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Old 14th January 2014, 01:56 AM   #11
WSJ is offline WSJ  United States
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Quote:
Originally Posted by tvrgeek View Post
Looking at NHT should be a good help. They use pretty fair drivers and overall do pretty well with them; better than many big name higher priced companies. Look up an LS3-5A crossover.

It is not just that the inductors are close, but they are parallel. If you only used one at a time, it might not matter, but two at a time it does. If they are used in different parts of the circuit, ugly things can happen.

Enclosures have a LOT of effect. The obvious is the T/S tuning, but after that you get into all the baffle size and shape issues. While pulling in free software, grab the Edge for diffraction simulation. I don't get too wrapped up in magic materials, but I can't explain enough times what doing a 3/4 inch roundover on all 12 sides can do for top end smoothness. It takes a brittle over bright metal dome and makes it clean and detailed. ( provided it is a decent one to begin with)

I also have a habit of documenting in LTSpice my crossovers so I can keep their independent transfer functions in my mind. It does not tell you what will happen in the circuit, but helps me when I get confused.
What is the effect of placing a resistor across an inductor?
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Old 14th January 2014, 01:03 PM   #12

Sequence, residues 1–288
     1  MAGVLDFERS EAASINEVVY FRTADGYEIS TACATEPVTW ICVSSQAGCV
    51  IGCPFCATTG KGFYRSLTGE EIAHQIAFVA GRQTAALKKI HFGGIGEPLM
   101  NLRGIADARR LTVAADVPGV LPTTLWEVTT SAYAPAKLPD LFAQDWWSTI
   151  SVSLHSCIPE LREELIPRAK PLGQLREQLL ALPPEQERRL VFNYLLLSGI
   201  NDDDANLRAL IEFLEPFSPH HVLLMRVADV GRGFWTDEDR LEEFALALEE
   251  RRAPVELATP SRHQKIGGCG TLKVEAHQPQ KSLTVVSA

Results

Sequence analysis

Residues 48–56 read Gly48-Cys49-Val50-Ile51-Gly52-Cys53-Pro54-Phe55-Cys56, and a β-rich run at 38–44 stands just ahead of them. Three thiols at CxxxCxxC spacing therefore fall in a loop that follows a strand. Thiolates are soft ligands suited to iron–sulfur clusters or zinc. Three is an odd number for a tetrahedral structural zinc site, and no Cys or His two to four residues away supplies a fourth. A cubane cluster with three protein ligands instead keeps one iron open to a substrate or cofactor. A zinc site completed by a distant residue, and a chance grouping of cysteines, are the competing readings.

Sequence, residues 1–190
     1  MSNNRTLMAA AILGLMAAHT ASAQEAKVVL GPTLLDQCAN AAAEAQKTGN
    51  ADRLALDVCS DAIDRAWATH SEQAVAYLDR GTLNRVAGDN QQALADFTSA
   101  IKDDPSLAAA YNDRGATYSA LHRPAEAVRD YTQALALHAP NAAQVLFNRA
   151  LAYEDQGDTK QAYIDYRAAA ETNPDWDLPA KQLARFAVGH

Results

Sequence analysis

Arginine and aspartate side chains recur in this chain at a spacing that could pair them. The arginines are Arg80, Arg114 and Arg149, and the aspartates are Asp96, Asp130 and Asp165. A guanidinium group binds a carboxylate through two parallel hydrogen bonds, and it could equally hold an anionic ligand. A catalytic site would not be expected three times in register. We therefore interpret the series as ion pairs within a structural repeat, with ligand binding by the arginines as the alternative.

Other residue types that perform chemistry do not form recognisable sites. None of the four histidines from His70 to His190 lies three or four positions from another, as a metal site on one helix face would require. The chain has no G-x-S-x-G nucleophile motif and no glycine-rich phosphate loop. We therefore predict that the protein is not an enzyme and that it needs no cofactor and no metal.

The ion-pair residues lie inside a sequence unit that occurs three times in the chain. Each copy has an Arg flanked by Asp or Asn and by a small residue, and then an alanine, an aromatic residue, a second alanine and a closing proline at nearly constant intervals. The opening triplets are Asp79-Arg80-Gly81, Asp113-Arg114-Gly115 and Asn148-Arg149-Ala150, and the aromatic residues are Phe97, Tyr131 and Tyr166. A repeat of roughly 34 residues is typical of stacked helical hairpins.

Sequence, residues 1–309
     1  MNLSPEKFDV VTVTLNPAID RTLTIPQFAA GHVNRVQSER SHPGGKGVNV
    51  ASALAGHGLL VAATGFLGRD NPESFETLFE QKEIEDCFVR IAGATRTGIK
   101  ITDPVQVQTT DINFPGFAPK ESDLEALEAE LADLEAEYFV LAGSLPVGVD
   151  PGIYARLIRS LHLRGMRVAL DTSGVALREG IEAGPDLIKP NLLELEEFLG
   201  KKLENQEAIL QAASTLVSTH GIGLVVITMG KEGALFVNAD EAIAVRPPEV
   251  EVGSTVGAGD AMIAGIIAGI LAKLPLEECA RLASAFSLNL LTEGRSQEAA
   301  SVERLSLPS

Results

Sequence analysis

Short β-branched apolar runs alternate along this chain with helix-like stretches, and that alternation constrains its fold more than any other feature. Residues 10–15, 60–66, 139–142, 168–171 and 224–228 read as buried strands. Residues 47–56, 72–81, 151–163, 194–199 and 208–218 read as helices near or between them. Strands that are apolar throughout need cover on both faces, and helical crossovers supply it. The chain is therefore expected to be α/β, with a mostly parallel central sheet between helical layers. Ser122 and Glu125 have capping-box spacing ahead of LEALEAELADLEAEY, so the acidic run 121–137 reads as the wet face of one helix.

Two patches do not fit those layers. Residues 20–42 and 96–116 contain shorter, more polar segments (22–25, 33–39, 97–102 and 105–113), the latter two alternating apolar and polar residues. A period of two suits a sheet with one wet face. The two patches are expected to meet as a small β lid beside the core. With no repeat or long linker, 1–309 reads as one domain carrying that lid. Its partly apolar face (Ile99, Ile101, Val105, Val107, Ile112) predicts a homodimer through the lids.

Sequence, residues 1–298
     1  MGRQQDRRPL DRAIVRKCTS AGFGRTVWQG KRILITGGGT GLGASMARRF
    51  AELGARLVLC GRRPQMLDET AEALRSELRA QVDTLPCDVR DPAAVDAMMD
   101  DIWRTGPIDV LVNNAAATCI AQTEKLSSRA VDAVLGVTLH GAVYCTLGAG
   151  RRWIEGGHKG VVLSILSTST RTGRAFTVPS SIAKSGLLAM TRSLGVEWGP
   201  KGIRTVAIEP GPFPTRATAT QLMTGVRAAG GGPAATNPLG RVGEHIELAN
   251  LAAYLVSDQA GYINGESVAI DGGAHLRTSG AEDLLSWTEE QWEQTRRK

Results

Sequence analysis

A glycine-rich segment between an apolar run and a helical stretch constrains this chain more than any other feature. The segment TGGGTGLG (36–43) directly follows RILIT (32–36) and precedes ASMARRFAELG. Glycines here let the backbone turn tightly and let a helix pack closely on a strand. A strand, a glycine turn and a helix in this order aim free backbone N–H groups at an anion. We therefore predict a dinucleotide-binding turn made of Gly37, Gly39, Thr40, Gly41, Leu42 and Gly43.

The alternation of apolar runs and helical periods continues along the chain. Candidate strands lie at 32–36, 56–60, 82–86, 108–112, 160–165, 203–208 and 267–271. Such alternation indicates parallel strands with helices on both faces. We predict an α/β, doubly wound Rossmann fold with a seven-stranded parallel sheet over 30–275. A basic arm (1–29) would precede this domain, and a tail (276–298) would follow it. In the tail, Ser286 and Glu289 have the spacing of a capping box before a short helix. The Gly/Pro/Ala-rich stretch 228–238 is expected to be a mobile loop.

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You could also build the model load Bob Cordell suggests ( fig 15.5, P 321).
I use it in Spice as a vague stab at a real load.
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Old 14th January 2014, 08:07 PM   #13
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Originally Posted by sreten View Post
Hi,

Its very old school and gets nowhere near the possible
complexities of crossovers. Simulation is far better.
Measurements and simulation even better.
Such things have no place in modern speaker design.

rgds, sreten.
How can a simulation take into account unknown speaker parameters much less room acoustics? I have several experimental speakers with no part numbers or known parameters. What actually matters to me, is the acoustic output from the drivers in my listening room.
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Old 14th January 2014, 08:40 PM   #14
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Quote:
Originally Posted by tvrgeek View Post
You could also build the model load Bob Cordell suggests ( fig 15.5, P 321).
I use it in Spice as a vague stab at a real load.
I have the real load mounted in an enclosure with three sets of driver wires coming out the rear ready for the crossover testing. For acoustic measurements I use REW software with an EMM-6 Electret Measurement Microphone, EMU 0204 and a Hafler XL-280. I'm doing this project for fun.

Thank you for taking the time to respond to my post.

Last edited by WSJ; 14th January 2014 at 08:43 PM.
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Old 15th January 2014, 06:01 PM   #15
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Both inductor boards mounted together.

Click the image to open in full size.
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Old 15th January 2014, 06:16 PM   #16
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I see inductor cross-coupling everywhere.
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Old 15th January 2014, 07:24 PM   #17